Erhu is a medium-high ranged Chinese two-stringed fiddle. The structure of the modern erhu was regularized in the 1920s by Liu Tianhua (1895-1932), the pioneering musician and composer in modern Chinese erhu and pipa music. Erhu consists of a body (qin tong), a shaft (qin gan), two tuning pegs (xuan zhou), a tight loop of string (qian jin), and a tiny bridge (xuan ma). Erhu’s body (13 cm long) can be made of padouk wood (hong mu), red sandalwood (zi tan), or ebony wood (wu mu). Its shape is usually hexagonal, with round or octagonal regional variations. Its front (8.8 cm in diameter) is covered with snakeskin, while the back is closed with a piece of pierced wood or bone (yin chuang). The shaft (78 cm long) is made of the same wood as the body. Its top is called the head of the instrument (qin tou), and is either carved in the form of a dragon’s head or a half moon. Two tuning pegs are set in the upper section of the shaft, while the lower end of the shaft is fixed onto the body. Qian jin is made of a tight loop of soft silk string which encircles the shaft and strings. Together with the bridge, qian jin sets the appropriate vibrating length of the strings (38 or 39 to 41 cm). Erhu’s bow is made of reed (jiang wei zhu, 76 cm) strung with horsehair or nylon. The bow hairs are inserted between the two strings that are made of silk (in the past), steel, or steel wrapped with nylon.
Today’s erhu probably evolved from several different kinds of stringed instruments. Erhu was historically known as huqin (lit. “barbarian’s stringed instrument”), indicating its northern association. Hu was a derogatory word for northern ethnic tribes. The term huqin was first mentioned in the Song dynasty (960-1279). Earlier on, the reference to ji qin first appeared in the Tang dynasty (618-907). Ji Kang (223-263), a famous literati musician, was attributed as its creator. Later, the reference to xi qin, named after a northern nomadic tribe Xi, first appeared in Song dynasty (960-1279). These two instruments were both first described as plucked string instruments, and later as having two strings and being played by pressuring the strings with a strip of bamboo, suggesting that the earliest Chinese bowed instruments were derived from plucked stringed instruments. These various instruments were perhaps assimilated over a long historical period. Eventually in the Yuan dynasty (1279-1368), under the Mongolian’s rule, both the description of huqin in writing and the portrayal of huqin in painting came to resemble today’s erhu. In the Ming dynasty (1368-1644), qian jin appeared and in the Qing dynasty (1644-1911), a number of variants of huqin came into use, such as jing hu (Peking opera two-stringed fiddle). Huqin, therefore became a generic term for a very large number of bowed instruments.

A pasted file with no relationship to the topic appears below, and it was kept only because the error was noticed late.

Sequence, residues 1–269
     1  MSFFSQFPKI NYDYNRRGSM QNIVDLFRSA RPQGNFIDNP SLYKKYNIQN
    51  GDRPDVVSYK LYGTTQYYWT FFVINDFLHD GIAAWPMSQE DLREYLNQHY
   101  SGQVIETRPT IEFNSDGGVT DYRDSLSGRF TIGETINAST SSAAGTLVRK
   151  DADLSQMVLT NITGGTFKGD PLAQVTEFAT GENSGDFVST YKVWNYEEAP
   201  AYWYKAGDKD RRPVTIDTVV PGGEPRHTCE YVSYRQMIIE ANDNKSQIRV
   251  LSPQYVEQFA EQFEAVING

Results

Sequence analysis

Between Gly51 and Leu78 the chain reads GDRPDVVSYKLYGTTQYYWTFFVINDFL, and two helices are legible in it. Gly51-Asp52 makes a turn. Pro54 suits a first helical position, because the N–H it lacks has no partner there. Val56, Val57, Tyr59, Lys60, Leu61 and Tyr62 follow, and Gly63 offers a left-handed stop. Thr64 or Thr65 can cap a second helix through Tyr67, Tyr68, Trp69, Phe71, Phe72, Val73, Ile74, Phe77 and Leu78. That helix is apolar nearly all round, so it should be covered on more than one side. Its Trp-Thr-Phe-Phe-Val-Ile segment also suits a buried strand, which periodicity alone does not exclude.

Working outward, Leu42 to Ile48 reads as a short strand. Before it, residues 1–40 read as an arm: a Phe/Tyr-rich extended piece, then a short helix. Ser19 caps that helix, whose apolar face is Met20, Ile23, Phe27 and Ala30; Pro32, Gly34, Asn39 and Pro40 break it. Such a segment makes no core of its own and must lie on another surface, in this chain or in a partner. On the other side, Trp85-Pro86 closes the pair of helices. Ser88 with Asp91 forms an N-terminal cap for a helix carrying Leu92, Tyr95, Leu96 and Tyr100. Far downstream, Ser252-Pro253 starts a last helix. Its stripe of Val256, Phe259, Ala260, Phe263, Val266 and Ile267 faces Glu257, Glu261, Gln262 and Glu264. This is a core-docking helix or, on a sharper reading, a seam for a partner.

It is not known for sure when and how the term erhu appeared. It most possibly originated in the early twentieth century when Liu Tianhua composed 10 erhu solo pieces, using some Western classical music compositional techniques. Liu Tianhua’s effort left a significant impact on modern Chinese music history, and especially on erhu. In the twentieth century, equated to violin, erhu became a primary instrument for solo, duo, or concerto forms, and the leading instrument in both small regional ensembles and the modern Chinese instrumental orchestra.
In playing, erhu is held upright by the left hand, its body sits on the player’s left thigh. The fingers of the left hand stop the strings, while the right hand and arm operate the bow. By pushing the wood of the bow outward or pulling the bow hair inward with right hand fingers, the player produces sound from one of the two strings. Bowing techniques include long bow (chang gong), short bow (duan gong), tremolo (chan gong), and others. In modern erhu performance, the left hand moves to several positions. Left hand techniques, which often distinguish the special sound characteristics of erhu, include vibrato (rou yin), glissando (hua yin), appoggiatura (da yin), and others.
Erhu does not have its own notational system. When accompanying singing and opera performance before the mid twentieth century, erhu musicians played from memory, with some degrees of improvisation on melodic ornamentations. In a few cases, gong che pu (note name notation) was used for small folk ensemble repertory, whose instruments included erhu. Today, almost all erhu performers use cipher notation, which has been widely adopted by Chinese traditional instrumentalists since the mid twentieth century. Conservatory trained musicians sometimes use staff notation as well, especially when performing contemporary avant-garde pieces.
The two strings of erhu are tuned in a fifth, most often with d1 and a1 or c1 and g1, sometimes g and d1 or a and e1, with a range of three octaves (d1 to d4).
Jonathan Stock, 1996. Musical Creativity in Twentieth-Century China: Abing, His Music, and Its Changing Meanings. Rochester, NY: University of Rochester Press.
Terrence Liu, 2002. "Erhu." In The Garland Encyclopedia of World Music, Vol. 7. East Asia: China, Japan, and Korea, ed. by Robert Provine, Yoshihiko Tokumaru, and J. Lawrence Witzleben, New York: Routledge, 175-8.
Su Zheng, 2002. "Musical Instruments." In The Garland Encyclopedia of World Music, Vol. 7. East Asia: China, Japan, and Korea, ed. by Robert Provine, Yoshihiko Tokumaru, and J. Lawrence Witzleben, New York: Routledge, 79-83.